Laguna Beach to provide community assistance and cultural arts funding
Laguna Beach is providing funding to nonprofit organizations in town through its annual community assistance and cultural arts grants.
The city allocated $250,000 for community assistance grants, the applications for which were reviewed by Laguna Beach Mayor Bob Whalen and Councilman George Weiss. From a group of 34 applicants, 28 organizations were recommended to receive financial support from the grant program.
Because the Pageant of the Masters had to be canceled in 2020, funds for the grant program were not raised through ticket sales to that event. Instead, the city is taking the money out of its general fund reserve this year.
Another $200,000 was allocated for the cultural arts funding grants, for which money is generally raised through the Laguna Beach Marketing and Tourism District. City staff said that a $60,000 deficit in funds for that program was addressed with savings from the Laguna Beach Cares grants, which were introduced in December and provided financial assistance to local businesses.
Fourteen of 16 applicants for the cultural arts funding grants will receive the financial aid after their applications were reviewed by the Arts Commission.
For the community assistance grant program, there was $5,500 left over to be distributed at the discretion of the council.
“The [Laguna] Food Pantry has been helping a lot of people in very difficult times, so if the council was interested in giving them a little more money, I would think that would be great,” Mayor Pro Tem Sue Kempf said in beginning the discussion.
Kempf and Weiss vouched for the Laguna Ocean Foundation, while Councilwoman Toni Iseman called on the council to provide funding for the Laguna Beach HIV Advisory Committee.
Councilman Peter Blake expressed disappointment that funds were not given to the Laguna Art Museum and funding was decreased by $5,000 for the Laguna Beach Chamber of Commerce compared to the previous year, while No Square Theater was slated to receive $48,000 across the two grant programs.
“We’ve injected a lot of money into the business community, necessarily we did, but we spent a lot of money through our Laguna Cares program, and prior to that, with the Promenade and the outdoor deck space,” Whalen said in explaining the reasoning for the community assistance funding recommendations.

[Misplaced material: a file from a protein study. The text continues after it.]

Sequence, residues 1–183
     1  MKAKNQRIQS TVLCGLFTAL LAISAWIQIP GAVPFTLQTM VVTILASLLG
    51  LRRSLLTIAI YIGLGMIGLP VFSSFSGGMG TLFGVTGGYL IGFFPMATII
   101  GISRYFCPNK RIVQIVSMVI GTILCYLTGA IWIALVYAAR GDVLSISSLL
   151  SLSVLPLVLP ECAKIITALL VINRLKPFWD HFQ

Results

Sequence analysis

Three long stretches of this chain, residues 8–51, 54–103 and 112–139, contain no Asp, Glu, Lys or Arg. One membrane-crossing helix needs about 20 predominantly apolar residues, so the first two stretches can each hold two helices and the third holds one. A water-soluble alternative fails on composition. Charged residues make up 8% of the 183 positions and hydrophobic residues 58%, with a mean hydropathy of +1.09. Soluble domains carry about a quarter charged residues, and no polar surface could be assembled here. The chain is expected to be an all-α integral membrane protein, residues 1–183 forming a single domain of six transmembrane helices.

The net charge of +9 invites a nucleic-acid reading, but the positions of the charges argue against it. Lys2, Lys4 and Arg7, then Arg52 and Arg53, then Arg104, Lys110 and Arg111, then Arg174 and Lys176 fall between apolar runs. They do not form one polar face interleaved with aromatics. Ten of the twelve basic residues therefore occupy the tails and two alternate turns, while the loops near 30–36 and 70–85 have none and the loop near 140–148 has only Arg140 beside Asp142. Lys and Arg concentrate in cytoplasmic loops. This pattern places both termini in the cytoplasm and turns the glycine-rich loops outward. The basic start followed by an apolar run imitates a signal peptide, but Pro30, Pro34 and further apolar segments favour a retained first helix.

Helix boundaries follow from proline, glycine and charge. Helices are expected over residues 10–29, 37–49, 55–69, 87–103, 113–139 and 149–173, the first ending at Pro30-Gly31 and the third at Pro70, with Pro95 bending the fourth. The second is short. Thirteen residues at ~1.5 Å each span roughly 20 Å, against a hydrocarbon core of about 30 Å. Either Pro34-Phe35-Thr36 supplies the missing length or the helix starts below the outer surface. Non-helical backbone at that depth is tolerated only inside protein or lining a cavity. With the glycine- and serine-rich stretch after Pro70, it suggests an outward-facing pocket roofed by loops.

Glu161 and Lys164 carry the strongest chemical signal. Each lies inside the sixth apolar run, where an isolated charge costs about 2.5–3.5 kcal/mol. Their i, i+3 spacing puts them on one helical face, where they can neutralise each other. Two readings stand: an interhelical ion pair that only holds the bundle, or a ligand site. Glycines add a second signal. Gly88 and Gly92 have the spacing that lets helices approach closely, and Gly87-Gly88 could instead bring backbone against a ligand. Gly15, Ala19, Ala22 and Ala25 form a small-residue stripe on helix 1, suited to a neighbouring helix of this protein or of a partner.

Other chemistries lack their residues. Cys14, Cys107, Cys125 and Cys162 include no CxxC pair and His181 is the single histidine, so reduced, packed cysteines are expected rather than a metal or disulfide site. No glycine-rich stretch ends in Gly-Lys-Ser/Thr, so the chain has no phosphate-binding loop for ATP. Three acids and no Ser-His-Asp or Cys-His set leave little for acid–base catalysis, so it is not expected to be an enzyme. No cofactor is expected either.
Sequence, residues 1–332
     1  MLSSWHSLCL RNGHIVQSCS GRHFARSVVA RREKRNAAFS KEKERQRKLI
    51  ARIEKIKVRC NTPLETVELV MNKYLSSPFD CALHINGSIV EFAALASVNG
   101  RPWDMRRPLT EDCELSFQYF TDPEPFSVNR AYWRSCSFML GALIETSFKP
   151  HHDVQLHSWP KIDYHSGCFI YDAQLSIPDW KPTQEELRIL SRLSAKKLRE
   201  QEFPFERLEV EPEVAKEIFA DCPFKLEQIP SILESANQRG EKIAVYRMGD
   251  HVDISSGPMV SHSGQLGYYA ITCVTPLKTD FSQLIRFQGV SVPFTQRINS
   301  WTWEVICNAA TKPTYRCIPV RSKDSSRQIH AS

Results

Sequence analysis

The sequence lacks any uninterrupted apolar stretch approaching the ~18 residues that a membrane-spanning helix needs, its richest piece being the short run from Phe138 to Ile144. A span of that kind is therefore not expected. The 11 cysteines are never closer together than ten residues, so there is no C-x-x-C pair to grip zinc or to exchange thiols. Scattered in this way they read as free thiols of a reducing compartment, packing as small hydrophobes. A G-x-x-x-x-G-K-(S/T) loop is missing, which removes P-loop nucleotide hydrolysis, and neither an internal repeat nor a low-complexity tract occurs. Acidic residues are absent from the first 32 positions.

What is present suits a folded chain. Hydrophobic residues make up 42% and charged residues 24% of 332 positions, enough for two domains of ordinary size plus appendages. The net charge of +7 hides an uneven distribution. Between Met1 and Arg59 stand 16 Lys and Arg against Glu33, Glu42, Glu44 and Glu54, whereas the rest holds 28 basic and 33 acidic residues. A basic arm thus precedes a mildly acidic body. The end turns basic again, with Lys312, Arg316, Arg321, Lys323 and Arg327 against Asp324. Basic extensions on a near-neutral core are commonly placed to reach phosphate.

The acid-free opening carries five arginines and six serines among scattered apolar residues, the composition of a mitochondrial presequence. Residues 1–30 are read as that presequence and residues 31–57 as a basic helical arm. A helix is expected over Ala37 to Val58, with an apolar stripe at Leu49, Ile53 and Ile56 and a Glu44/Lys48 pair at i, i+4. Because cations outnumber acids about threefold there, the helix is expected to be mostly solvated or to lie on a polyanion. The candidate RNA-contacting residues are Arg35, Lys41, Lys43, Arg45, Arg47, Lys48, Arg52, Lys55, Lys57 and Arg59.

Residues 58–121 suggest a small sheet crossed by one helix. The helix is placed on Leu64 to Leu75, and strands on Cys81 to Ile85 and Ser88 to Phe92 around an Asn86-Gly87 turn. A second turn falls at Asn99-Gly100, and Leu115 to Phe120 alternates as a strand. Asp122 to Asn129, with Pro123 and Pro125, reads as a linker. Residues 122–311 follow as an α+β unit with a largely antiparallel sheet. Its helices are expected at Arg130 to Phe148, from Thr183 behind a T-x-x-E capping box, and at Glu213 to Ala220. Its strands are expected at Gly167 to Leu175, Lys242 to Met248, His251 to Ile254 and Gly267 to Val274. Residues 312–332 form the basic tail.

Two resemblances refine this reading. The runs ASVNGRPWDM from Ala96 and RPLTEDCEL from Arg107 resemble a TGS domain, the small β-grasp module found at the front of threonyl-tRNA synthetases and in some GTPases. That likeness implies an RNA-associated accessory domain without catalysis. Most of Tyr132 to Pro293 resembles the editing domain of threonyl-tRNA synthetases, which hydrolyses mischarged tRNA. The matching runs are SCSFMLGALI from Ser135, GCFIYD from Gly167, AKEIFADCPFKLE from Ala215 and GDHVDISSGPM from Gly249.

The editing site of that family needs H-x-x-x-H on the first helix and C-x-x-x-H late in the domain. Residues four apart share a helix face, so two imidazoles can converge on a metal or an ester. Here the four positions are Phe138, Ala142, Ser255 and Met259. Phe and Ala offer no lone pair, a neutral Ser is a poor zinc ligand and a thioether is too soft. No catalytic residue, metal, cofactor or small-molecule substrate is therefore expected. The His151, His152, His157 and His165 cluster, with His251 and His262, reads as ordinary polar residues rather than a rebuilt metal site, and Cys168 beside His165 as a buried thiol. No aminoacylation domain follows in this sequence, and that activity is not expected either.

Ultimately, Blake gave his support to the Laguna Food Pantry.
“I would like to see more money go to the Pantry, especially given a time where people are trying to feed themselves, and I really have an issue with this amount of money that’s going to No Square Theater,” Blake said. “I just can’t imagine paying their rent right now on a closed theater when people are hungry and businesses are closing.”
Weiss offered some suggestions for future applicants seeking financial aid through the program.
“Any applicant that’s working with a school should obtain a letter from Laguna Beach Unified School District or the school endorsing the applicant’s program,” Weiss said. “We had one or two of those, so we couldn’t give money because we wouldn’t know if they were authorized or they were helping anyone, other than their word.
“The applicant has to include information on why they need the funds. There were a few that didn’t have that, so we couldn’t give them any money, so we gave them zero because of that.
“I would also recommend that any applicant that has received a grant for the last year state how the funds were used, how many people benefited, and what difference that grant made in helping achieve the organization’s mission. That would be a nice read and put it into next year’s grant.”
The council decided to provide $1,000 to the HIV Advisory Committee. It increased the funding for the Laguna Food Pantry from $10,000 to $12,500 and for the Laguna Ocean Foundation from $4,000 to $6,000.
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